Mary Coloe is one of my academic heroes. Her work, God Dwells with Us: Temple Symbolism in the Fourth Gospel, was the first book in biblical studies I read that made me think I could become a biblical scholar myself. Her work explores the use of the Old Testament in the New focusing on Old Testament temple symbolism in John’s Gospel with attention to detail, close readings of biblical texts, and a deep understanding of the historical and socio-cultural world of both the Old and New Testaments. Her work inspired me because she focused on the flow of symbols throughout the text assuming their coherence. My own literary sensibilities appreciated this way of reading and researching the Bible. Coloe’s work also echoes with a deep care for biblical theology. While she is not explicitly pastoral in much of her writing, one can hear the care and passion for Scripture and its meaning for our lives throughout her books and articles. Now that I know Mary personally, I would add that she is also a fantastic person. Her combination of wit, kindness, and humility make me admire her even more. She befriended me when I was a junior scholar and provided me with wisdom for my future writing that I will always appreciate.

 What books were formative for you when you were a student? Why were they so important and shaping?

The second and third of N.T. Wright’s Christian Origins series (Jesus and the Victory of God and The Resurrection of the Son of God) came out while I was in my Masters degree at Regent College. They shaped much of my thinking and research. Wright’s expansive use of sources, his awareness of writings and history in the Second Temple period, and his engagement between the Old and New Testament inspired me. As a PhD student, the work of Mark Boda, my thesis advisor and mentor, had a massive impact on me. While I have read almost everything Boda has written, I have come back again and again to his Severe Mercy: Sin and Its Remedy in the Old Testament. His biblical-theological approach in this book provides a framework that has shaped my own work and his in-depth exploration of a biblical theme encouraged me to think thematically in my research.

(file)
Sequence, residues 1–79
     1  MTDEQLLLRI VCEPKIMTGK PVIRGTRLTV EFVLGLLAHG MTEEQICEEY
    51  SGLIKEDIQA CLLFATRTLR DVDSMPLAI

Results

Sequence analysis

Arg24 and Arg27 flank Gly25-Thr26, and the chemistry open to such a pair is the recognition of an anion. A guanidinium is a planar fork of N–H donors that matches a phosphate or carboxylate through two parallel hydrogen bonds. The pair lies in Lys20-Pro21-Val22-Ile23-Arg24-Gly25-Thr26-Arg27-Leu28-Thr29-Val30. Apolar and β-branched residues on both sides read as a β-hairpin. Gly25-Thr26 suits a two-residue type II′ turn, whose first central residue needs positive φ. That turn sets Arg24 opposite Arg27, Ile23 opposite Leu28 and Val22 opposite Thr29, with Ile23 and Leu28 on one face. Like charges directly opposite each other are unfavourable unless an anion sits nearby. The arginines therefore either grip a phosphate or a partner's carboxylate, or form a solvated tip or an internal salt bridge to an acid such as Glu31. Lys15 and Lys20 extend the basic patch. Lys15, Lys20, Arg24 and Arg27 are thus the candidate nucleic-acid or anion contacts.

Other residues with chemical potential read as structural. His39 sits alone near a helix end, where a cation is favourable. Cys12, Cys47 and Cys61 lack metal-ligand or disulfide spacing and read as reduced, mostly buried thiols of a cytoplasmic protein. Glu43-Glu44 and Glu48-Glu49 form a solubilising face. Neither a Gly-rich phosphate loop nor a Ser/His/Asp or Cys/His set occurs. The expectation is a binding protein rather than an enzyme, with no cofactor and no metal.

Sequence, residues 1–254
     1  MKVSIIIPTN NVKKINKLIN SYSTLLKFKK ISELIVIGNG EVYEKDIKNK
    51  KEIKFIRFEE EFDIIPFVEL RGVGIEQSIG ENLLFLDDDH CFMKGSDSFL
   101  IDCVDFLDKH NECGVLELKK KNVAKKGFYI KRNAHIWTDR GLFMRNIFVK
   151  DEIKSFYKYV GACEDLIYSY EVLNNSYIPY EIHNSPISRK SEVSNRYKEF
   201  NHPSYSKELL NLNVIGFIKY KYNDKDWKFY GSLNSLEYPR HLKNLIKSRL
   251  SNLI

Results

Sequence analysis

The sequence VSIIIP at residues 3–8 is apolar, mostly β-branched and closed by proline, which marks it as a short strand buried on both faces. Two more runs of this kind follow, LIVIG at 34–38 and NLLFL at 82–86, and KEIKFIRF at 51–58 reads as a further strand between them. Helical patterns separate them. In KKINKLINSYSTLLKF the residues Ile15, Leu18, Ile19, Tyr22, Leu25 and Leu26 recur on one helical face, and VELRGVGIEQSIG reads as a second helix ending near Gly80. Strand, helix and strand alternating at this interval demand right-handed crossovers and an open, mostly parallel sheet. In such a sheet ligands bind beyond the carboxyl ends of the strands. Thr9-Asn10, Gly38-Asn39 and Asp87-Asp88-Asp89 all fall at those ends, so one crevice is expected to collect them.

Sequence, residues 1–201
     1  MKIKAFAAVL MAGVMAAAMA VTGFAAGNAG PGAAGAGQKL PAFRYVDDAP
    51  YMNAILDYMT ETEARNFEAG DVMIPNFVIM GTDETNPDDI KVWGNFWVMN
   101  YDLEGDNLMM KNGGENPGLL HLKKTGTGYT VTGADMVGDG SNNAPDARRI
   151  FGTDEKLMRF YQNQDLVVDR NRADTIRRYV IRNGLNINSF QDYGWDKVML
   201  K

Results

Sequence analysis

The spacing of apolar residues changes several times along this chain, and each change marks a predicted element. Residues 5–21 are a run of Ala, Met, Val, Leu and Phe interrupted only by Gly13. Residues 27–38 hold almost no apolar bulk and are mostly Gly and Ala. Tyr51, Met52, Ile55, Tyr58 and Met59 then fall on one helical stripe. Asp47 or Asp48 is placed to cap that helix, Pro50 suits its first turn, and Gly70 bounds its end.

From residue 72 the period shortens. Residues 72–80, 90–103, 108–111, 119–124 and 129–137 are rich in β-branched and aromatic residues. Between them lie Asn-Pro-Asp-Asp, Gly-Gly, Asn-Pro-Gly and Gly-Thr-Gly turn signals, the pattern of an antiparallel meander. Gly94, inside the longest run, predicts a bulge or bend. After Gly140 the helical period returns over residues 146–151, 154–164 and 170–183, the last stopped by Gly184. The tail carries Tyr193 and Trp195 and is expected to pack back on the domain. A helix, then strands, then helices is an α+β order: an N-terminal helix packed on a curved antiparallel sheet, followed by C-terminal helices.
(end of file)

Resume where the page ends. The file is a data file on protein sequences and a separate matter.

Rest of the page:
Read Stovell’s Work

Biblical Hermeneutics: Five Views (co-edited with S.E. Porter)

Making Sense of Motherhood: Biblical and Theological Perspectives

Follow Stovell on Social Media

If you ran into me at SBL, and you didn’t want to talk about OT/HB studies, what would you want to talk about?

When I’m not researching, I love to read and write fiction and poetry. I find that reading and writing fiction and poetry helps me connect with God and inspires my academic writing and research. I have been singing and playing guitar and piano since I was little and I love new music. I also enjoy making “food that is an adventure” (as my husband Jon calls it) as I explore food from all over the world. Perhaps my greatest source of fun comes from exploring the world with my kids. We spend hours at our local science museum, at our local zoo, and learning about astronomy and star-gazing.

What is a research/writing project you are working on right now that you are excited about?

My upcoming books include commentaries on the Minor Prophets (Story of God Bible Commentary, Zondervan Academic), Ezekiel (Baker Commentary on the Old Testament: Prophetic Books, Baker Academic), Hosea (Bible in God’s World, Cascade), and John (Word and Spirit Commentary, Academic). I am also working on edited volumes on Theodicy and Hope in the Book of the Twelve (co-edited with George Athas, Daniel Timmer, and Colin Toffelmire) and Performance, Voicing, and Metaphor in Poetic Prophesy (co-edited with Elizabeth Hayes and Carol Dempsey), which will both be published in the LHBOTS series with T&T Clark Bloomsbury. These books use my continuing work on metaphor as a driving force for biblical hermeneutics. Besides these books I continue to work on helping others understand the Book of the Twelve (Cascade Companions series, co-written with David Fuller) and Johannine Kingship Theology (Baker Academic). In the future, I hope to write a book specifically focused on how to interpret biblical metaphor, providing skills for students, pastors, and any interested others and continuing my overall goals in scholarship.